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The US ‘Upheaval’ Viewed by Washington Correspondent Lawrence Martin

Filmed just before riots swept to the White House, the Globe and Mail’s columnist talks Trump and a nation on the edge.

Serena Renner 1 Jun 2020 | TheTyee.ca

Serena Renner is a journalist and editor who writes about culture, social justice and the environment, as well as creative change-makers and their big ideas. She is completing a practicum with The Tyee.

Last night, the protests erupting across the U.S. in response to systemic racism and police brutality against Black Americans, marched their way to the White House gates. If this happened three days earlier, the Salt Spring Forum with Canadian journalist Lawrence Martin would have been a bit different.

Yet, the Washington, D.C.-based columnist for the Globe and Mail laid the foundation for what’s been boiling beneath the surface in Trump’s America, which Martin moved to specifically to cover the Trump White House. For him, it’s no surprise the unrest arrived on the president’s doorstep.

“Trump is well on his way to defeating himself,” Martin said. “[Biden] just has to be careful not to make horrendous mistakes.”

Martin was the first-ever guest of the Salt Spring Forum 10 years ago, when Stephen Harper was still the Canadian prime minister. At the start of his interview, forum chair Michael Byers reminded Martin of that first conversation, which “told us things about the Harper government that were well known within Ottawa but not so well known in the rest of the country,” Byers said. “I’m hoping you’ll tell us some inside information from Washington as well.”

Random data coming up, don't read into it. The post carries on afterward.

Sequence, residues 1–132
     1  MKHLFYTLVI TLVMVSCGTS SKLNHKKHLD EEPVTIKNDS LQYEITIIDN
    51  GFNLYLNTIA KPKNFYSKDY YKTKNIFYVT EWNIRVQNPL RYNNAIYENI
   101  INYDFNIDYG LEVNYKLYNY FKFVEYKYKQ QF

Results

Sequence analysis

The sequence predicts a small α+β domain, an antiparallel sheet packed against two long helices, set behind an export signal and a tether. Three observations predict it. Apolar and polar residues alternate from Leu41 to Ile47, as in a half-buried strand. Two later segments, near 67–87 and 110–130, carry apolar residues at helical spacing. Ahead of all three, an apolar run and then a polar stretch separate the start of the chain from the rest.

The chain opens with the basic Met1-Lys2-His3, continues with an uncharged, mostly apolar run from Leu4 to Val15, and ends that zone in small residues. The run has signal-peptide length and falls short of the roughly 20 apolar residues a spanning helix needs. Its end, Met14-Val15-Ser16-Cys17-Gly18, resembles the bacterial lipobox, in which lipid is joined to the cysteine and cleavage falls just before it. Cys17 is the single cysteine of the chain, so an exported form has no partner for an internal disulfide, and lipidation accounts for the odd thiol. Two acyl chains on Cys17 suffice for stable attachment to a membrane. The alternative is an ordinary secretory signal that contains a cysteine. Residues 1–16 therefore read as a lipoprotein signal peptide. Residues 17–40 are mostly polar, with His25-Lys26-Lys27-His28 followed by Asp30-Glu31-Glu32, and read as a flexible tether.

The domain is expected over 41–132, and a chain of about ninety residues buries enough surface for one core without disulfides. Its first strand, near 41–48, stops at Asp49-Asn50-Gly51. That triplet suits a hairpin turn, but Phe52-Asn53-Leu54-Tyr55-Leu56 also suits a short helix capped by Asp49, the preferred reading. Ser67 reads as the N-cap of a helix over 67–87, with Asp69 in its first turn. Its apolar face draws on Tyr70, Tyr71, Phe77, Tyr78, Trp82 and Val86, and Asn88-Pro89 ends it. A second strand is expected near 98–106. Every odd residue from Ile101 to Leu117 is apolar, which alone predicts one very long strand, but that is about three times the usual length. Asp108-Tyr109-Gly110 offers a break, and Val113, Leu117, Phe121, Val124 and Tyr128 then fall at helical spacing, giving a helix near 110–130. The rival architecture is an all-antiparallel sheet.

On inside information, Martin delivered, starting with the question of who will be Joe Biden’s pick for vice presidential running mate. “This is extremely important, because Joe Biden has a very good chance of becoming president, and Joe Biden’s vice-president pick has a very good chance of becoming president, because he [Biden] will step down after four years, probably, and [the] vice-president might take over in the interim or at that point,” Martin said.

He went through the list of options for the post, starting with Minnesota Sen. Amy Klobuchar, who he said was the leading candidate before the blatant murder of George Floyd at the knee of a white police officer in her home state.

“We see this horrendous development in Minneapolis with the death of the African American at the suffocating knee of this policeman that’s caused a big [stir], as it should. It was murder,” Martin said. “The video tape, he’s asphyxiating him. I’ve never seen anything like it.”

As a Minnesota prosecutor, Klobuchar has a track record of going easy on white policemen in cases against African Americans, which will likely knock her out of the race, Martin explained. “This is a terrible event for her.”

He weighed the pros and cons of four other female candidates, including California Sen. Kamala Harris, Massachusetts Sen. Elizabeth Warren and Stacey Abrams — former member of the Georgia House of Representatives — but landed on a lesser-known name: Gretchen Whitmer, the current governor of Michigan.

“Joe Biden speaks highly of her. She might be one to watch,” Martin said. “And there’s about six or seven other possibilities, but they’re all women. He’s not going to go to a man. He’s said that for sure.”

Martin’s belief that Biden has a good chance at the presidency stems in part from watching Trump’s ill handling of COVID-19. Last week, the U.S. surpassed 100,000 deaths from the virus, which is not the highest per capita, but close. A new study out of Columbia University found that social distancing just a week earlier could have saved 36,000 lives.

“‘Make America sick again’ is what people are saying now about him. He has not done well,” Martin said.